Tool monitoring
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Construction sector: 67% will invest in more digitalization, what about you?

Written by
Sebastien De Grauwe

In a recent survey carried out by Letsbuild, 67% of respondents said they were aware that greater digitization of the industry was necessary. The real question is: what did the other 33% think?

Indeed, if one thing is certain, it's that the construction of the world after will never be the same as that of the world before. What do you mean?

First of all, let's take a look at who or what the building is used for. Whether it's for work, living or commerce, the vast majority of valuable real estate is used for human beings, and rightly so. However, the new rules on social distancing will mean that the yield per square metre of all buildings will fall sharply. Indeed, if a minimum distance of 1.5 or even 2 metres has to be maintained between human beings, it will no longer be possible to maintain the population density that was previously possible.

This will influence the utilization rate of buildings such as sports stadiums, shopping malls, stores, railway stations or transit points, restaurants or hotels, but also office buildings and any other place used by humans for a specific purpose and a specific period of time.

Furthermore, as we need to avoid not only the short-distance (interpersonal) spread of the virus, but also its rate of movement in space (propagation), telecommuting, which has been used by all workers who can, is of course here to stay. This means that the use of office space will also be reduced, and from a general point of view, the associated built-up area will decrease in volume.

Lower yields and lower utilization of non-private housing stock will mean that the construction sector of the future will never be the same as it was before.

How can we compensate for the lack of digitalization in the construction industry?

It's clear that, riding a wave of cheap bank credit and sluggish growth, the construction sector hasn't changed much in recent years. Of course, construction techniques themselves have greatly evolved, but the part of the work that was done by humans 50 years ago is still very similar to what is done today.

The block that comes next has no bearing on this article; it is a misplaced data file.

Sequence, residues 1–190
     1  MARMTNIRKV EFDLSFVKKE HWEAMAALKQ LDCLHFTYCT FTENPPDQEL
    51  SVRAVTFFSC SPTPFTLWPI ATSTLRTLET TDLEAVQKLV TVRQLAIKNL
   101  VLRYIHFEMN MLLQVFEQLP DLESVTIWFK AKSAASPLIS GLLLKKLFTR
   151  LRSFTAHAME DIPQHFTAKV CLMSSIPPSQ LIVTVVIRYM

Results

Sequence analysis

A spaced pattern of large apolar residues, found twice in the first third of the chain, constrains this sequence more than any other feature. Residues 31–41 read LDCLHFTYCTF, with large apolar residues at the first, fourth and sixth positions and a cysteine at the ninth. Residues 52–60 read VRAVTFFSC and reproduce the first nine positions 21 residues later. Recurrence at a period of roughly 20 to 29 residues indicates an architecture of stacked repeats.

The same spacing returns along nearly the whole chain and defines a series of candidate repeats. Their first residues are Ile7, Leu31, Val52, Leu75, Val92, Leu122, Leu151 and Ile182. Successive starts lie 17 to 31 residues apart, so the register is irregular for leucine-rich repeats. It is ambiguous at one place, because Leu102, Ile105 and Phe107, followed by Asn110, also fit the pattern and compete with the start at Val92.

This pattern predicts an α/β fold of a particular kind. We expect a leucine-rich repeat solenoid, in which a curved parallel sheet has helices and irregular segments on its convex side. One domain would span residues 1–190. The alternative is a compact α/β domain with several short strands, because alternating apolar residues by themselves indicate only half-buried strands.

Indeed, if we compare this with the automotive sector, it has become so automated that a current car built using the methods of 50 years ago would cost around 5 times what it does today. When it comes to automation, let's face it, construction is a relatively untouched sector. Moreover, the need to limit physical contact between workers will no doubt eventually see the emergence of construction robots, or at any rate a sharp increase in off-site assembly (" prefabrication ").

With yields falling, banks are becoming increasingly fussy about financing even the smallest project. In fact, they are already heavily involved in spending thousands of billions to stimulate the economy and the service industry, so one wonders what will be left to finance low-yield real estate projects.

The only way to respond to this trend is for the construction sector to digitize quickly and completely. And it's not as difficult as you might think - other industries have done it before, like telecoms or logistics, and all the technologies are available to do it.

As the sector is a major employer, it's only natural that all workers should use the right tools to get the job done. Many of these tools, whether for screwing, welding, drilling, etc., have been highly modernized in recent years, and have become relatively high-performance for a modest price.

So much so, in fact, that companies have not hesitated to invest in their machine fleets, surfing on the wave of construction projects thanks to cheap credit, enabling them to maintain or even increase the output of each hour worked.

If a tool broke down, often just the logistics of repairing it cost more than simply going out and buying a new one. The opportunity cost was far greater than the value of the tool itself.

But in today's world, it's not only important to know where your tools are, but also to be sure that they can be used safely.

Do you think a telecommunications company worth its salt would agree to "not know" where its network is? Or that a logistics company like UPS or DHL couldn't tell its customers where their packages are? Of course not! And you, do you know where the tools are that enable your workforce to transform a qualified and motivated workforce into a successful worksite?

How can HeronTrack help digitize the construction industry with its small equipment management tool?

If you're still wondering, it might be a good idea for us to show you how 21st century technology will help your business get through this crisis and continue to grow in tomorrow's world.
We offer tool tracking software via an IoT sensor and mobile and web applications to better manage your fleet of small equipment for inventory and inspections, but also to protect it against theft.